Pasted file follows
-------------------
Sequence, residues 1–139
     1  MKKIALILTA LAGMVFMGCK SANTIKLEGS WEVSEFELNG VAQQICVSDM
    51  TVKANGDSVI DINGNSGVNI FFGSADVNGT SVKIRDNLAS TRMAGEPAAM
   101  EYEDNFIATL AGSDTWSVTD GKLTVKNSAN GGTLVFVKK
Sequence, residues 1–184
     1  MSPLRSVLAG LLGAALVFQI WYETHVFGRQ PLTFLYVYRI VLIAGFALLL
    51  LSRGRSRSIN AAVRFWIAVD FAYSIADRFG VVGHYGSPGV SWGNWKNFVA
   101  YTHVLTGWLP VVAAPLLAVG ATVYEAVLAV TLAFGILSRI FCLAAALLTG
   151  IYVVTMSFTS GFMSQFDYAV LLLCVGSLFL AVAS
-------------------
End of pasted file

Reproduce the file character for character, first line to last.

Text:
Sequence, residues 1–139
     1  MKKIALILTA LAGMVFMGCK SANTIKLEGS WEVSEFELNG VAQQICVSDM
    51  TVKANGDSVI DINGNSGVNI FFGSADVNGT SVKIRDNLAS TRMAGEPAAM
   101  EYEDNFIATL AGSDTWSVTD GKLTVKNSAN GGTLVFVKK
Sequence, residues 1–184
     1  MSPLRSVLAG LLGAALVFQI WYETHVFGRQ PLTFLYVYRI VLIAGFALLL
    51  LSRGRSRSIN AAVRFWIAVD FAYSIADRFG VVGHYGSPGV SWGNWKNFVA
   101  YTHVLTGWLP VVAAPLLAVG ATVYEAVLAV TLAFGILSRI FCLAAALLTG
   151  IYVVTMSFTS GFMSQFDYAV LLLCVGSLFL AVAS